(1) said alkyl acrylate liquid polymer contains an average from about 1.4 to about 6 hydroxyl groups per molecule, and contains polymerized therein at least about 65 wt.% of at least one alkyl acrylate, the alkyl group of which contains from 3 to 10 carbon atoms,
(2) said polyalkylene ether glycol contains from 3 to 6 carbon atoms per alkylene group and has a molecular weight from about 400 to about 2,000,
(3) said aromatic diisocyanate contains from 8 to about 24 carbon atoms,
(4) said prepolymer has a molecular weight from about 900 to about 3,000, and
(5) the ratio of hydroxyl equivalents to free isocyanate equivalents is from about 0.7/1 to about 4.5/1.
17. A laminate structure of claim 16 wherein said alkyl acrylate liquid polymer has a molecular weight from about 1,000 to about 6,000 and said prepolymer contains from about 2 wt.% to about 10 wt.% excess isocyanate based upon prepolymer weight.
18. A laminate structure of claim 16 wherein said alkyl acrylate liquid polymer contains copolymerized therein at least one other olefinically unsaturated monomer.
19. A laminate structure of claim 18 wherein said olefinically unsaturated monomer is a vinylidene monomer containing at least one terminal CH2 ═C< group per molecule.
20. A laminate structure of claim 19 wherein said vinylidene comonomer is selected from the group consisting of (a) dienes containing 4 to 10 carbon atoms, (b) vinyl nitriles having the formula ##STR9## wherein R2 is hydrogen or an alkyl group containing 1 to 3 carbon atoms, (c) acrylates having the formula ##STR10## wherein R3 is hydrogen or an alkyl radical containing 1 to 3 carbon atoms, and R4 is hydrogen or an alkyl radical containing 1, 2 or 11 to 18 carbon atoms, or an alkoxyalkyl, alkylthioalkyl, or cyanoalkyl radical containing 2 to 12 carbon atoms, or wherein R3 is an alkyl radical containing 1 to 3 carbon atoms and R4 and alkyl radical containing 3 to 10 carbon atoms, (d) vinyl aromatics having the formula ##STR11## wherein R5 is hydrogen, halogen or an alkyl radical containing 1 to 4 carbon atoms, (e) vinyl and allyl esters of carboxylic acids containing 2 to 8 carbon atoms, (f) vinyl and allyl ethers of alkyl radicals containing 1 to 8 carbon atoms, (g) monoolefins containing 2 to 14 carbon atoms, (h) vinly halides, (i) divinyls and diacrylates, (j) amides of α,β-olefinically unsaturated carboxylic acids containing 2 to 8 carbon atoms, (k) hydroxyl-containing vinylidene monomers, and (1) diacetone acrylamide.
21. A laminate structure of claim 20 wherein said vinylidene comonomer is selected from the group consisting of said dienes, vinyl nitriles, acrylates, hydroxyl-containing vinylidene monomers and diacetone acrylamide.
22. A laminate structure of claim 21 wherein said vinylidene comonomer is selected from the group consisting of butadiene, acrylonitrile, ethyl acrylate, propyl acrylate, a hydroxyl-containing ester of acrylic acid, and diacetone acrylamide.
23. A laminate structure of claim 22 wherein component B is a prepolymer of polytetramethylene ether glycol with toluene diisocyanate, or a prepolymer of polypropylene ether glycol with toluene diisocyanate.
24. A laminate structure of claim 23 wherein the backbone of said alkyl acrylate liquid polymer (component A) contains polymerized therein n-butyl acrylate, butadiene, and a hydroxyl-containing easter of acrylic acid.
25. A laminate structure of claim 24 wherein said hydroxyl-containing ester of acrylic acid is 2-hydroxyethyl acrylate.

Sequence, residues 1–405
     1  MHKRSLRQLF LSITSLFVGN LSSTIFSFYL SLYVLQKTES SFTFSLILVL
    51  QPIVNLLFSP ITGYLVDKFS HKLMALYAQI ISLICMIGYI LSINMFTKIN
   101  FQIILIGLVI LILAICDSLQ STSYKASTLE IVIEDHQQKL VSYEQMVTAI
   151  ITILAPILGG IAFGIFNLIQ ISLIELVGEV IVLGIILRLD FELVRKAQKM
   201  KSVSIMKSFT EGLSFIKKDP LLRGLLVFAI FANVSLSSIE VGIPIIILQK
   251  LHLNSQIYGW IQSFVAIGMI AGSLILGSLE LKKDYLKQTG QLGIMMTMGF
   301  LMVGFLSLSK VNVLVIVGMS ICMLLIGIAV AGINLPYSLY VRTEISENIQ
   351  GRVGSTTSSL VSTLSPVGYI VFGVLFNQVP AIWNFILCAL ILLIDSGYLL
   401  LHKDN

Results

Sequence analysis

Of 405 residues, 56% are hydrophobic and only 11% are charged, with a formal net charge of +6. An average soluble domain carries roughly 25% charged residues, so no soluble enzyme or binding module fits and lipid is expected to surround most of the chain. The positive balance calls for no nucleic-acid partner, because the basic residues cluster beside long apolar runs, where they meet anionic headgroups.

26. A laminate structure of claim 23 wherein the backbone of said alkyl acrylate liquid polymer (component A) contains polymerized therein n-butyl acrylate, butadiene, acrylonitrile, and a hydroxyl-containing ester of acrylic acid.
27. A laminate structure of claim 26 wherein said hydroxyl-containing ester of acrylic acid is 2-hydroxyethyl acrylate.
28. A laminate structure of claim 23 wherein the backbone of said alkyl acrylate liquid polymer (component A) contains polymerized therein n-butyl acrylate, ethyl acrylate and a hydroxyl-containing ester of acrylic acid.
29. A laminate structure of claim 28 wherein said hydroxyl-containing ester of acrylic acid is 2-hydroxyethyl acrylate.
30. A cured laminate structure of claim 16.
31. A process comprising mixing and curing a composition comprising (A) at least one alkyl acrylate liquid polymer containing both terminal and random hydroxyl functionality, and (B) at least one prepolymer of a polyalkylene ether glycol or polyester glycol with an excess amount of an aromatic diisocyanate, wherein
(1) said alkyl acrylate liquid polymer contains an average from about 1.4 to about 6 hydroxyl groups per molecule, and contains polymerized therein at least about 65 wt.% of at least one alkyl acrylate, the alkyl group of which contains from 3 to 10 carbon atoms,
(2) said polyalkylene ether glycol contains from 3 to 6 carbon atoms per alkylene group and has a molecular weight from about 400 to about 2,000,
(3) said aromatic diisocyanate contains from 8 to about 24 carbon atoms,
(4) said prepolymer has a molecular weight from about 900 to about 3,000, and
(5) the ratio of hydroxyl equivalents to free isocyanate equivalents is from about 0.7/1 to about 4.5/1.
32. A composition of claim 8 wherein the backbone of said alkyl acrylate liquid polymer (component A) contains polymerized therein n-butyl acrylate and a hydroxyl-containing ester of acrylic acid.
33. A composition of claim 32 wherein said hydroxyl-containing ester of acrylic acid is 2-hydroxyethyl acrylate.
34. A laminate structure of claim 23 wherein the backbone of said alkyl acrylate liquid polymer (component A) contains polymerized therein n-butyl acrylate and a hydroxyl-containing ester of acrylic acid.
35. A laminate structure of claim 34 wherein said hydroxyl-containing ester of acrylic acid is 2-hydroxyethyl acrylate.
Description
BACKGROUND OF THE INVENTION